What to Expect from Your Ice Damaged Trees this Spring
January 27, 2014
Be Patient with Your Trees. They are Healing from Winter Storm Damage.
While we will still experience more freezing weather this month, the occaisional warm days are a signal to start sprucing up the landscape. We encourage you to add compost to existing beds, prune dead leaves from shrubs and cut back perennials in before we head in to spring; however,
Leaves of certain plants, such as hollies, may have yellowed and some branches may still be bent over from the weight of the ice. While you may have had large damaged branches removed by us after the storm, you may now be tempted to go back in prune away smaller branches that seem deformed from the ice. However, we advise you to wait until plants begin to leaf out. Many trees and shrubs that may still be showing symptoms of damage from the winter ice storm, may bounce back in spring. It’s still too early to tell and this is when patience can pay off. Over-pruning now can leave your once attractive shrubs and trees permanently deformed.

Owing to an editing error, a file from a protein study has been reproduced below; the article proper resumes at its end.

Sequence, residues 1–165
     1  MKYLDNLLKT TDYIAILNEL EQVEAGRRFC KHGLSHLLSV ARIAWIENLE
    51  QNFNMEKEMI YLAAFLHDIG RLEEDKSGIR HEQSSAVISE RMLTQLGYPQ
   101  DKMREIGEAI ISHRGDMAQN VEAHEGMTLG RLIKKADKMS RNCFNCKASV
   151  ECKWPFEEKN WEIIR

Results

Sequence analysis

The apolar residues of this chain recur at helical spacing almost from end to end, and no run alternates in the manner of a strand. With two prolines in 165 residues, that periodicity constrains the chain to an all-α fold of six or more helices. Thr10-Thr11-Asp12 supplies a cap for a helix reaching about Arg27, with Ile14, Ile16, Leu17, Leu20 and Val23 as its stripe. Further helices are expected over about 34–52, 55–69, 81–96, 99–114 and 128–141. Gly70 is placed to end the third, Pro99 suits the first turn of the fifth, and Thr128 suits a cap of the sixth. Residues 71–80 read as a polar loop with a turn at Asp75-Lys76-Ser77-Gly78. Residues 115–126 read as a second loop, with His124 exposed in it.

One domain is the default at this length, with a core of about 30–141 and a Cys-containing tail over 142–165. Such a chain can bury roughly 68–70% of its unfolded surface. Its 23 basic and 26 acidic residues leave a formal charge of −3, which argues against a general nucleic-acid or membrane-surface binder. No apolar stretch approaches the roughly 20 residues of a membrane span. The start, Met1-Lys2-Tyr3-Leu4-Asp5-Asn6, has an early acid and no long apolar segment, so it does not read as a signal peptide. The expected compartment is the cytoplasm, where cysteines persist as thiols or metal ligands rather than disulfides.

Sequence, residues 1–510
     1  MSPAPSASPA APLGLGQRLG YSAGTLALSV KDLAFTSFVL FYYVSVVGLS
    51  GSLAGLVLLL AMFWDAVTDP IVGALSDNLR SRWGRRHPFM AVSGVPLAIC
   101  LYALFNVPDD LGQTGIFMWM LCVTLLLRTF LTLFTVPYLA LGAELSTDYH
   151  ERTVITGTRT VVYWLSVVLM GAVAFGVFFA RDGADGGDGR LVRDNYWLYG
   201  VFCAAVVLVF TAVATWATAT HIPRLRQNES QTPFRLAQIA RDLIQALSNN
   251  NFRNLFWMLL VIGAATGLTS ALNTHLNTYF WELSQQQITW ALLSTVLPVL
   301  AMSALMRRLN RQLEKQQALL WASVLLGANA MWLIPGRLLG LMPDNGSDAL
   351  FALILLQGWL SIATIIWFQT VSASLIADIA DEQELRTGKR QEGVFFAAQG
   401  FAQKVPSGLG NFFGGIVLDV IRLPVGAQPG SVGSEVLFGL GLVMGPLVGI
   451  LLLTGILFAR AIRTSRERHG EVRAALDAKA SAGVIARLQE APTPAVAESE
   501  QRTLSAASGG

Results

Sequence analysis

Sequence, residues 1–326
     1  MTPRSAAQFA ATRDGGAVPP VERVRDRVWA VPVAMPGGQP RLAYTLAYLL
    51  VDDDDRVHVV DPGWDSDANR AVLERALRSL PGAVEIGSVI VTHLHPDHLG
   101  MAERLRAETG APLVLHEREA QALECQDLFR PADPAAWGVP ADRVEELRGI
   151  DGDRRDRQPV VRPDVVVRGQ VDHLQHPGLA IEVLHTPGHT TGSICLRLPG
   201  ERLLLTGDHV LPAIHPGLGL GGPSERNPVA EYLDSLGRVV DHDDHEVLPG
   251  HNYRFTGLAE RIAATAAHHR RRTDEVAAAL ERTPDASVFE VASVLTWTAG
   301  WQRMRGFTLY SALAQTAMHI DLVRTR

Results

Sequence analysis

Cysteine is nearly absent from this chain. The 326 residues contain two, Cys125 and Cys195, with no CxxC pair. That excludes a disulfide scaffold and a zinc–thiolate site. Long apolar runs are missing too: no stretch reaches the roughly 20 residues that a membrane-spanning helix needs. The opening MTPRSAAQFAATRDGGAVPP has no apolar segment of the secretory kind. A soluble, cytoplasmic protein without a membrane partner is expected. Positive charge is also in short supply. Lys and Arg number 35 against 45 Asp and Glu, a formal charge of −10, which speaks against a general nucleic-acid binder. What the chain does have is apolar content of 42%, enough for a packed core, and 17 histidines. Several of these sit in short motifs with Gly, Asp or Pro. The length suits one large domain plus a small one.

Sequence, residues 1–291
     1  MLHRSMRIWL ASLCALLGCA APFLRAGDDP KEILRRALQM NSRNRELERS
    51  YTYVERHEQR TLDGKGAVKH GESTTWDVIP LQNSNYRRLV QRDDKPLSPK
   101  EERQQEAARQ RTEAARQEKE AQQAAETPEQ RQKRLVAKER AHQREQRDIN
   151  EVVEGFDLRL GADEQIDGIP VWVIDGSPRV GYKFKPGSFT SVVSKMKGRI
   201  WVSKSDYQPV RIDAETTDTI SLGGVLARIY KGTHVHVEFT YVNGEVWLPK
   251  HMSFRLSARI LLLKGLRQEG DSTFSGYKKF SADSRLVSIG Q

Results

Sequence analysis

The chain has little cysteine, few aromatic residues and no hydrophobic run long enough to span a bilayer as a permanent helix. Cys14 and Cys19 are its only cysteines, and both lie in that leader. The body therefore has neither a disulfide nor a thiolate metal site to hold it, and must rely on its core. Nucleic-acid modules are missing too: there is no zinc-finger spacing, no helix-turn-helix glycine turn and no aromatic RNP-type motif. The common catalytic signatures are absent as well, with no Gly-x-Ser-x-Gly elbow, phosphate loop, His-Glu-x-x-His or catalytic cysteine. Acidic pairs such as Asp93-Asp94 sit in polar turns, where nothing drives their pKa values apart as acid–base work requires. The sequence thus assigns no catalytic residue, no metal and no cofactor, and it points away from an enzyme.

When you “top” trees and large shrubs to remove bent or seemingly unhealthy branches, you often end up with a flush of weak branches sprouting from the cut called a “witches broom”. These branches will never grow to be strong and supportive tree branches and can further weaken an already weakened tree.
DO NOW: We are applying our liquid compost extract this month to help shrubs and trees get the best possible start this spring.
Not sure if your trees and shrubs need pruning? We advise you to have an arborist inspect your large trees and privacy shrubs just as they are leafing out this spring. With this inspection, our arborists can determine if more damaged branches should be removed. It is important to take care of hazard branches before they cause damage to your property or hurt someone you love.
FRUIT TREES: If you have fruit trees such as pears, plums or apples, they should be pruned in late-winter, just before leaf buds break and begin to open.